Wednesday, March 04, 2009

"they are not becoming fluent in English..."

I have long been a supporter of foreign language immersion programs for children. Time and again immersion in a second language, especially at a young age, has shown itself to be the quickest and most effective method for learning a second language. Many students have benefited from learning a second language in this manner and have become successfully bilingual. However, it is important to remember that there are two different types of language students in the US; native English speakers who are learning a second language and native speakers of another language who are learning English. The reasons for language learning in these two groups are different as are the needs of each group. The first group learns a second language for the added benefit bilingualism will bring, the latter for the pure necessity of it. The native English-speakers will learn a second language and will not lose their native language because it is the dominant language of the country in which they live. They are surrounded by English.

Native speakers of another language can easily lose their native language if not continuously exposed to it. Young immigrants, who attend English-only schools frequently fail to achieve an advanced level in their language, have limited vocabulary and rarely learn to write in that language. What a tremendous loss for children who could easily have become bilingual. But on the flip side, those same students take much longer to learn English when placed in transitional classrooms in which the majority of their day is taught in their native language and in which they are grouped with other students who share the same native language. This is the very issue that has caused many districts to rethink their bilingual programs and has spread so much concern about the cost versus the benefit of such programs.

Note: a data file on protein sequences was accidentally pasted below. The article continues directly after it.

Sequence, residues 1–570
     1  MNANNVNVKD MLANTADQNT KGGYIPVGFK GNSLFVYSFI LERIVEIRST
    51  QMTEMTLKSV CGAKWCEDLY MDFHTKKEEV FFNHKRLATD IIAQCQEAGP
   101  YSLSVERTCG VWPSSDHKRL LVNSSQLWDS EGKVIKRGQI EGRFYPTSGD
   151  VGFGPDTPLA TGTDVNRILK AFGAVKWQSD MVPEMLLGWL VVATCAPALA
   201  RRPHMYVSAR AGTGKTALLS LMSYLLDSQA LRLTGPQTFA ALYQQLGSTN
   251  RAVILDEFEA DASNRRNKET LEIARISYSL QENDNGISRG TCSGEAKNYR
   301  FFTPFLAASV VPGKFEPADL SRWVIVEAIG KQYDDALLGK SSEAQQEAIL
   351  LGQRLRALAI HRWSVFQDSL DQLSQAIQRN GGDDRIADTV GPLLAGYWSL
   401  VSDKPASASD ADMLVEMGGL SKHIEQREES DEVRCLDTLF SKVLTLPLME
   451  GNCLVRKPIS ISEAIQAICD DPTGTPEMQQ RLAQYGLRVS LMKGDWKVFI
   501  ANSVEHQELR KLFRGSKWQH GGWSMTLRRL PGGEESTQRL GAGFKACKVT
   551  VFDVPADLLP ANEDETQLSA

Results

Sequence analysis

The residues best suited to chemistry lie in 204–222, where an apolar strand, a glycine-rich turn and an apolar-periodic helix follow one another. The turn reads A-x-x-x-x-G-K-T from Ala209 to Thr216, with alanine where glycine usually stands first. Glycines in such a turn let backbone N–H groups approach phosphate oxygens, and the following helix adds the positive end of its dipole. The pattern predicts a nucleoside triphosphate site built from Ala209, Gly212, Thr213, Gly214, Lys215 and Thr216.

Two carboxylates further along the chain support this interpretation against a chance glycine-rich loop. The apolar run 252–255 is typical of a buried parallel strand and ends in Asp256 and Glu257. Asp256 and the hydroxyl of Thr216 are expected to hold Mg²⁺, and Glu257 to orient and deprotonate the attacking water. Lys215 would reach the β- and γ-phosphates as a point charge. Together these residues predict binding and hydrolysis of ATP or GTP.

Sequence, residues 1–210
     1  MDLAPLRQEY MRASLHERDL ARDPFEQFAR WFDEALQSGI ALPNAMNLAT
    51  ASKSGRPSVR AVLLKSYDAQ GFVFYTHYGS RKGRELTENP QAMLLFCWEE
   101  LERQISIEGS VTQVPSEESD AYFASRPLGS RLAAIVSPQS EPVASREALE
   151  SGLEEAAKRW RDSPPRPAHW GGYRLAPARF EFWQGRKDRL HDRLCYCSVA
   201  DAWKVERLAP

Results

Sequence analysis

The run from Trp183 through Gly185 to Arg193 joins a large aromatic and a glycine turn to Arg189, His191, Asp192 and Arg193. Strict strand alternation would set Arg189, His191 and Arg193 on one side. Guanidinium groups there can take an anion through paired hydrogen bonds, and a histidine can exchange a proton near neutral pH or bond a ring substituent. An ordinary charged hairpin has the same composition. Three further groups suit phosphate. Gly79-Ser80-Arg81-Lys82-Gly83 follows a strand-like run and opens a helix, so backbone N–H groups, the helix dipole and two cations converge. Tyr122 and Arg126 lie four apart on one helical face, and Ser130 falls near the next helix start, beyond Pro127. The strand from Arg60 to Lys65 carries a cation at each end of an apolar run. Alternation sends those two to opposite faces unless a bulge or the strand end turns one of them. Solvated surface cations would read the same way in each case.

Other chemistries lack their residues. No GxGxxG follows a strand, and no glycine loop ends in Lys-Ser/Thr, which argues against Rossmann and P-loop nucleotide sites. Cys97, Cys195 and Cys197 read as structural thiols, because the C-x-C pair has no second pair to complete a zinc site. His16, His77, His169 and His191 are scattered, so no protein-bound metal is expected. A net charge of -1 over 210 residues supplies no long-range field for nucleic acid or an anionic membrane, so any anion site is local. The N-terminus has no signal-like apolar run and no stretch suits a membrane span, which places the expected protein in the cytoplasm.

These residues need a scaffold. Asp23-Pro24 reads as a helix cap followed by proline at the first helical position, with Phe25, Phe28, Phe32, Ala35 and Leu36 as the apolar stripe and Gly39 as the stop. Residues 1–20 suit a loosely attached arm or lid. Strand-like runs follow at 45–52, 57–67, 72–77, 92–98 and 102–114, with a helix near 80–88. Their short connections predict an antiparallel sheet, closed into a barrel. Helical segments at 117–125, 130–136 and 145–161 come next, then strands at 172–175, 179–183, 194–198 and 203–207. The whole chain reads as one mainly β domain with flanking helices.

District officials in Commerce City, Colorado have become concerned by this as reported by The Denver Post yesterday:

Fifty-four percent of Adams 14's 6,500 students are English-language learners, and recent studies have shown they are not becoming fluent in English as they move through the district.

"The majority of students who have been in the district for six years still remain limited in proficiency of English," said Superintendent Sue Chandler in a letter to parents. "There is little indication of progress in literacy and language."

Chandler said the district is ditching its bilingual policy that was "overly proscriptive" and moving to a flexible policy that will "allow the district to develop a program to best meet the needs of all students who are acquiring English."

"The fact is we haven't changed it yet," Albright said about the new language policy. "But we know we need to do something better."

It is doubtful that Commerce City is alone in confronting this issue. There is obviously a problem about many of these bilingual programs that needs to be addressed. It is unfair for these students to lag so far behind their peers in English. But what system would work better? I can only imagine that the "correct solution" would vary widely by community. But whatever solution is created needs to take into account both English language acquisition and native language maintenance. Only in this way are we truly educating these students to their full capacity.

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